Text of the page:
The Pots You Actually Need In Your Kitchen

Photo by Paul Hanaoka on Unsplash

Stocking your kitchen for the first time is, to put it bluntly, overwhelming. You’re standing in your first apartment out of college and how the heck are you supposed to know what you actually need? When you go to Target, they usually have pot ‘sets’ that you buy that include three sauté pans, two pots, a weird mid-sized pan and another pan that you will literally never touch. So, what do you probably do? You buy it.

But in my opinion, it’s much smarter to invest in a couple nice pots/pans instead of buying the cheap sets from the convenience store. So here’s my personal recommendations for your necessary pot/pan investments:

A non-stick sauté pan. This is your go-to pan for scrambled eggs, sautéed veggies, heating up pasta sauce, etc. It’s your all-in-one dream maker. Feel free to get two sizes for different items, but for sure invest in a larger size one because it can handle anything and everything. Budget Friendly Sauté Pan // Higher Quality Sauté Pan

A large stock pot. This is your pasta pot. Everyone eats pasta. It’s just a fact of life. If you’re gluten-free, you probably eat gluten-free pasta. You need a pot that will hold up for a big family meal or just a weeknight pasta dinner at home. Truth be told, I got mine from the hallway of my old apartment complex next to a ‘FREE’ sign that someone had put outside their door. In general, I’d gravitate towards a stainless steel pot because it will distribute heat and last longer than a non-stick stock pot. Budget Friendly Stock Pot // Higher Quality Stock Pot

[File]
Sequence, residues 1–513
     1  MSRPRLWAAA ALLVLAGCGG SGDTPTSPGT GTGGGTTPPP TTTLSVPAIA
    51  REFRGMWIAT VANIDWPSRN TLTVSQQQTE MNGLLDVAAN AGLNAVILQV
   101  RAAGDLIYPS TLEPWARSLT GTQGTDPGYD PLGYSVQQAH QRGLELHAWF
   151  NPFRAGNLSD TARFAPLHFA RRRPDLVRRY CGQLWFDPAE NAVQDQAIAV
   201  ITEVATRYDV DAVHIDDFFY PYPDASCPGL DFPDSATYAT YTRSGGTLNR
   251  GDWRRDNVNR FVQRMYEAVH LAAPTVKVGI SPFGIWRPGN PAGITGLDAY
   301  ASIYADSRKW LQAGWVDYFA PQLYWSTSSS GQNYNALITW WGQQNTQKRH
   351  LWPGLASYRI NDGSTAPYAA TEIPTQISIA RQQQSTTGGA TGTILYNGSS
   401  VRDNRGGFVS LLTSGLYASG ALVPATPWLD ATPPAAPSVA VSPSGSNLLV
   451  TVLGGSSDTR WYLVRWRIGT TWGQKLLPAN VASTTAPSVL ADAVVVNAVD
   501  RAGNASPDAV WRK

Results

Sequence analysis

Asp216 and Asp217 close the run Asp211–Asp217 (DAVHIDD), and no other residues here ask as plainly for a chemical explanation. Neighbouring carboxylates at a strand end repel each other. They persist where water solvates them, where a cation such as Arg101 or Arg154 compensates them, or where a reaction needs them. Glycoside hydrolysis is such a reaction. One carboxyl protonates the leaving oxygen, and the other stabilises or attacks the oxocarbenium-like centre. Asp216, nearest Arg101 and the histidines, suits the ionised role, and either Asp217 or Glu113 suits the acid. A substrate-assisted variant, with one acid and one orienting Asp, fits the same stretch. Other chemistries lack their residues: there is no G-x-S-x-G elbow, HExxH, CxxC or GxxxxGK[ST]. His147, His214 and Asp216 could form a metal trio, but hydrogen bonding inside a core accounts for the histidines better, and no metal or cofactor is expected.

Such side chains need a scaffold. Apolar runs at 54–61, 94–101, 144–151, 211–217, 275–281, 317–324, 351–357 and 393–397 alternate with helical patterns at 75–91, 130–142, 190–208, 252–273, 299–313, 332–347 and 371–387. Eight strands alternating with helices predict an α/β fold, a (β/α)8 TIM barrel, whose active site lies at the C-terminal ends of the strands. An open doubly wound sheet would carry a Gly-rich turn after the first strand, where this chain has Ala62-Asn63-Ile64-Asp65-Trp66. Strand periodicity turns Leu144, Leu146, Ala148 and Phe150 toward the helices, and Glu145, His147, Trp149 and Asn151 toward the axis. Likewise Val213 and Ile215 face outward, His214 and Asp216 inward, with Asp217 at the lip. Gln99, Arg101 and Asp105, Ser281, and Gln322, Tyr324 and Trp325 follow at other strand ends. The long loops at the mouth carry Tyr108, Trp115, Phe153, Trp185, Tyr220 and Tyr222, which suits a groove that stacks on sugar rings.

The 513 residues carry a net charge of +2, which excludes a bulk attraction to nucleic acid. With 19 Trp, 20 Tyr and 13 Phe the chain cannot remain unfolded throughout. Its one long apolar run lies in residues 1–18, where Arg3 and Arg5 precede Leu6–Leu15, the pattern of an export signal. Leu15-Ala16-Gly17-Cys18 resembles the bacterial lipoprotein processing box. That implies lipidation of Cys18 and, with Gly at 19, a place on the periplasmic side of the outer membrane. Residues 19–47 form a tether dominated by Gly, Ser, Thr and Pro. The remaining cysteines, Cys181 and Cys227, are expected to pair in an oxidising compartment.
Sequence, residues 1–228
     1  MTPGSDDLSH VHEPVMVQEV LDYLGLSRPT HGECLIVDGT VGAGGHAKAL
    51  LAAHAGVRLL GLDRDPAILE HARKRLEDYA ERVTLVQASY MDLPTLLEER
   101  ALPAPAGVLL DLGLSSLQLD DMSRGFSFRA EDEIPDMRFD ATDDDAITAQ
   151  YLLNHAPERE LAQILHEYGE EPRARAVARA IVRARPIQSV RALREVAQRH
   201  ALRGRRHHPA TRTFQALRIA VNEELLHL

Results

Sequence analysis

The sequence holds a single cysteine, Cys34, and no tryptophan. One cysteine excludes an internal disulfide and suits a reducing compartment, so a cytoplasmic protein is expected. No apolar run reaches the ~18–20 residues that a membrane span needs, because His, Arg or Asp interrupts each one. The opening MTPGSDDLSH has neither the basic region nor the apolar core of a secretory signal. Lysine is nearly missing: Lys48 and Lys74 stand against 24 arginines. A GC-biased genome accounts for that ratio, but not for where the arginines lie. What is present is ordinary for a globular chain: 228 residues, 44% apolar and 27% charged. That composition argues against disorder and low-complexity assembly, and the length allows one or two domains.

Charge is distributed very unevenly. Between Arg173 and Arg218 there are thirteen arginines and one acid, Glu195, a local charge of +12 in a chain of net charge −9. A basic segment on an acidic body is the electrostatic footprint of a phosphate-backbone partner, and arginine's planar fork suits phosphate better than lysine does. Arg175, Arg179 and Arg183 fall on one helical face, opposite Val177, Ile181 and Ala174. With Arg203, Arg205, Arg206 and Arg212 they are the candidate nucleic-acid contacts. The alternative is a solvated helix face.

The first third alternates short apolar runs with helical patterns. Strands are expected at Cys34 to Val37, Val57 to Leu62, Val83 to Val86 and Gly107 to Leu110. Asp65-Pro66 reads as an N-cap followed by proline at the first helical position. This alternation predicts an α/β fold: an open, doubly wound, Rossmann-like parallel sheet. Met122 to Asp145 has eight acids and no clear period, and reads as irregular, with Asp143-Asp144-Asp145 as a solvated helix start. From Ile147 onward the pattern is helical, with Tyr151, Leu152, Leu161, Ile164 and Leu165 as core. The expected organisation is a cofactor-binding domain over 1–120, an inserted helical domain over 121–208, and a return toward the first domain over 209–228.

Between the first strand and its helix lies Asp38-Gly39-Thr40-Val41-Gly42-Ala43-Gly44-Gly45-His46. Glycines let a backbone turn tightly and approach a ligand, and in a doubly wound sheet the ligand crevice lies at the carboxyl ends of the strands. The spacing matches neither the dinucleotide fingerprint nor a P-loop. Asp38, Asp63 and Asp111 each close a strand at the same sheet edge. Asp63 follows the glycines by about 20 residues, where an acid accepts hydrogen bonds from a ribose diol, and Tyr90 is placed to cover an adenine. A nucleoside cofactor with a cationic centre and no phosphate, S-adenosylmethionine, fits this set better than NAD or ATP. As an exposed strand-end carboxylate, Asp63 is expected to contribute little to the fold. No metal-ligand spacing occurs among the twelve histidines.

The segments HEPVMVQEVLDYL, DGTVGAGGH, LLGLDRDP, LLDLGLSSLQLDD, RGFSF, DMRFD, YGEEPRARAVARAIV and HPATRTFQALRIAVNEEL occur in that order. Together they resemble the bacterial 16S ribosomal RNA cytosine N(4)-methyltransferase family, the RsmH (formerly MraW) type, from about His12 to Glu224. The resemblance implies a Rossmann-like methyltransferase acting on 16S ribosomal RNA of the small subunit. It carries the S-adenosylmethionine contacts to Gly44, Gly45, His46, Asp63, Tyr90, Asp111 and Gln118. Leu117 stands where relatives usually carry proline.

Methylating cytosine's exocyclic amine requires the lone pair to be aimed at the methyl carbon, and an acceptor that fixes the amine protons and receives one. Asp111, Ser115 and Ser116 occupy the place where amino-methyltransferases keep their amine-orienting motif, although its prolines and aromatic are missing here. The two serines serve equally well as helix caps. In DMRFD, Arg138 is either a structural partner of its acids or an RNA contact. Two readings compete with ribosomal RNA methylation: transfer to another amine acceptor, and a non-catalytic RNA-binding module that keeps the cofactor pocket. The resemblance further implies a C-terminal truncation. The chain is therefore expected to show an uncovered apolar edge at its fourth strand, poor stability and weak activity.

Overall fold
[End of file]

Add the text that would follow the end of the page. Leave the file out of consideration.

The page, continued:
Cast Iron Skillet. Technically, you don’t need this and can get by with a sauté pan, but cast iron skillets are the best quality pans for meat and fish, and are super mulit-purpose. Think cornbread, carne asada nachos, and a roast chicken. Need I say more? And running at an affordable price point (I use a Lodge one from Target), it’s a great addition to your starter collection. Budget Friendly Cast Iron Skillet // Higher Quality Cast Iron Skillet

If you’re looking to expand your kitchen pots beyond that, I’d recommend a Dutch Oven, an All Clad Essential Pan, and a mid-sized stock pot.

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